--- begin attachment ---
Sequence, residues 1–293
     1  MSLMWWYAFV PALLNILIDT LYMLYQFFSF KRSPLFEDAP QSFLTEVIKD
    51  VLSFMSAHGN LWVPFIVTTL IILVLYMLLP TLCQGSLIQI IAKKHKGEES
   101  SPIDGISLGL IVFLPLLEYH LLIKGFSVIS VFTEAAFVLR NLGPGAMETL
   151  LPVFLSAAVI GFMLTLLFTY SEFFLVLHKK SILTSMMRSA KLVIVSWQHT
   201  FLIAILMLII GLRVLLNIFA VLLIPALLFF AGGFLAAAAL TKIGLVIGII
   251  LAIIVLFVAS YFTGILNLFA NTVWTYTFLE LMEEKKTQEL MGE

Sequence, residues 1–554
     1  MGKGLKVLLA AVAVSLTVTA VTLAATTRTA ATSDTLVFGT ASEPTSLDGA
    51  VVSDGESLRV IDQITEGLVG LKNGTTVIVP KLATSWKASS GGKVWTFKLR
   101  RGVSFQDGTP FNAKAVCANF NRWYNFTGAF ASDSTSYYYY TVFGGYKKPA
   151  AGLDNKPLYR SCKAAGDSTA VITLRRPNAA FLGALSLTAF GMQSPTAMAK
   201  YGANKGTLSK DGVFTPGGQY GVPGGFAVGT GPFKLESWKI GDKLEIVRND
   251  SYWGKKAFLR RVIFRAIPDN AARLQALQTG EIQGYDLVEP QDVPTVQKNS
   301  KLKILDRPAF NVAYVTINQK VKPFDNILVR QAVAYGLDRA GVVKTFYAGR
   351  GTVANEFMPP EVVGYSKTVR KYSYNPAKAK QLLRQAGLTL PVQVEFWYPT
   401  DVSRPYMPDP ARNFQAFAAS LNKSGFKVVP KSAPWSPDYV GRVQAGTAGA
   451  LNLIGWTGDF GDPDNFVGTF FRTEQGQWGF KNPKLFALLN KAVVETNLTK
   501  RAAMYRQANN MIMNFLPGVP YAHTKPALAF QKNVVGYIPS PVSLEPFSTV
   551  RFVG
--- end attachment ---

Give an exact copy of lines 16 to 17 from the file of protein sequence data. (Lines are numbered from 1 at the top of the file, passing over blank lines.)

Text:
   351  GTVANEFMPP EVVGYSKTVR KYSYNPAKAK QLLRQAGLTL PVQVEFWYPT
   401  DVSRPYMPDP ARNFQAFAAS LNKSGFKVVP KSAPWSPDYV GRVQAGTAGA